(c) filtering the baseband signal to extract the pilot reference signal;
(d) sampling the pilot reference signal over a predetermined time interval to determine an average pilot frequency;
(e) applying a first weighting function to the average pilot frequency to generate a weighted pilot frequency, and a second weighting function to the controlled frequency to generate a weighted controlled frequency;
(f) summing the weighted pilot frequency with the weighted controlled frequency to provide an update frequency;
(g) modifying the controlled reference signal such that its frequency matches the update frequency; and
(h) repeating steps (a) through (g) so as to lock the controlled reference signal to the pilot reference signal.
2. A method as set forth in claim 1, wherein the first weighting function is selected such that subsequent samples of the average pilot frequency determined from subsequent predetermined time intervals contribute less to a change in the update frequency than contributions made by prior samples of the average pilot frequency.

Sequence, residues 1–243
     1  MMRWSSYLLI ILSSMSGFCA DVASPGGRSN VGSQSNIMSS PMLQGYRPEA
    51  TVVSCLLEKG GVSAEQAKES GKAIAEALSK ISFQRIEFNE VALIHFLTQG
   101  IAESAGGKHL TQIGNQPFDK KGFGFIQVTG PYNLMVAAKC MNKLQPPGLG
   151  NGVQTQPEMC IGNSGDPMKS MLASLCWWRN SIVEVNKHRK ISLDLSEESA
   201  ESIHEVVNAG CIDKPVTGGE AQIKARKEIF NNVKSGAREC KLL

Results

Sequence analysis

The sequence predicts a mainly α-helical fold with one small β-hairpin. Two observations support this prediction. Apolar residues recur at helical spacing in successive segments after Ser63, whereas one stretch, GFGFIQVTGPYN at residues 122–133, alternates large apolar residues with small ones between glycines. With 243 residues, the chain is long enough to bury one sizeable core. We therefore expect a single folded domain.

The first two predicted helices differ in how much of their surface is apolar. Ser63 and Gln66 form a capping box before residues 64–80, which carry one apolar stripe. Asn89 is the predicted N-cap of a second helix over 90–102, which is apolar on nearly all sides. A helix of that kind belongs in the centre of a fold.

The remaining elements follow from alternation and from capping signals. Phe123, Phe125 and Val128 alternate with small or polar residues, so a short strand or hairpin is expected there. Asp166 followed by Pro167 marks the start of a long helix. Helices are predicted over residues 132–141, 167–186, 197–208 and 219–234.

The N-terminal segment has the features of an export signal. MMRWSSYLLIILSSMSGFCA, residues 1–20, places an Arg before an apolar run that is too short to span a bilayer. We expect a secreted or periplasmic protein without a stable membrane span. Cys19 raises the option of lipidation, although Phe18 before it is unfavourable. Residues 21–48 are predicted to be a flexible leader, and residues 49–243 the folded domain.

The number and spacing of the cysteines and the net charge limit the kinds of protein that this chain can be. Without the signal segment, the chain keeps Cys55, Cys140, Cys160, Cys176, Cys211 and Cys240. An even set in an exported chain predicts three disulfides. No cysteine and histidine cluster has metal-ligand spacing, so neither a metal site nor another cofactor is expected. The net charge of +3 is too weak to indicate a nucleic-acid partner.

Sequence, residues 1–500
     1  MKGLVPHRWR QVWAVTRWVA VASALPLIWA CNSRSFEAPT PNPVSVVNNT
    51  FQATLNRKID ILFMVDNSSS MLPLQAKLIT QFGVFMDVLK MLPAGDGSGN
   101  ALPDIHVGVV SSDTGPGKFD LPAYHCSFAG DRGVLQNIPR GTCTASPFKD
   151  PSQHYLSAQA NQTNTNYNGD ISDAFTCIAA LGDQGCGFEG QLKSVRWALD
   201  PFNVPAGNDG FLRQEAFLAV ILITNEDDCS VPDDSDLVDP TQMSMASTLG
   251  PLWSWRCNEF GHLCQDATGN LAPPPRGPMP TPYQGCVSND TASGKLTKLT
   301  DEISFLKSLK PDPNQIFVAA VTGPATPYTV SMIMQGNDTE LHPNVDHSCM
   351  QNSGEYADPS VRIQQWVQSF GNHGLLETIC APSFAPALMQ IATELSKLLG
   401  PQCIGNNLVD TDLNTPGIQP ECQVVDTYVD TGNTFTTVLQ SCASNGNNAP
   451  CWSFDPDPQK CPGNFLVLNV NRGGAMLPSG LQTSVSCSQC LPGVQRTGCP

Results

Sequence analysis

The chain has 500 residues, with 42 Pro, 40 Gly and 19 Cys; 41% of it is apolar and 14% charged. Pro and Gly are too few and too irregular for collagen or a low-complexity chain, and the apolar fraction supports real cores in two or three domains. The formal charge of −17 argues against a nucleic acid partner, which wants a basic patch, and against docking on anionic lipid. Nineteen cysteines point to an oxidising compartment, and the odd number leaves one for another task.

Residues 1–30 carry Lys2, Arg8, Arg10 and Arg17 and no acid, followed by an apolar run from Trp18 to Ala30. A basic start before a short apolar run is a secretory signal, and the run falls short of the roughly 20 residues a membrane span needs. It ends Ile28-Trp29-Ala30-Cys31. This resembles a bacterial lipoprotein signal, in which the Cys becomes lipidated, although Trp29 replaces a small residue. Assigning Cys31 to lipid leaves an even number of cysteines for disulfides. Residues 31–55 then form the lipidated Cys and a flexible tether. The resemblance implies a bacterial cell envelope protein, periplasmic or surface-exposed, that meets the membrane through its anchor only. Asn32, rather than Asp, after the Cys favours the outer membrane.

3. A method as set forth in claim 1, wherein the first weighting function applied to the average pilot frequency is equal to 1/mm.sbsb.avg, wherein m is a positive integer greater than zero, and wherein m.sbsb.avg corresponds to an mth weighted average of a plurality of instantaneous frequency samples calculated over an mth predetermined time interval of sampling the pilot reference signal.
4. A method as set forth in claim 1, wherein the average pilot frequency is determined by calculating an average of a plurality of instantaneous frequency samples derived from the pilot reference signal during the predetermined time interval at a predetermined sampling rate.
5. A method as set forth in claim 4, wherein the average of the plurality of instantaneous frequency samples is calculated as a weighted average of the plurality of instantaneous frequency samples, thereby reducing an effect of erroneous noise from samples of the plurality of instantaneous frequency samples.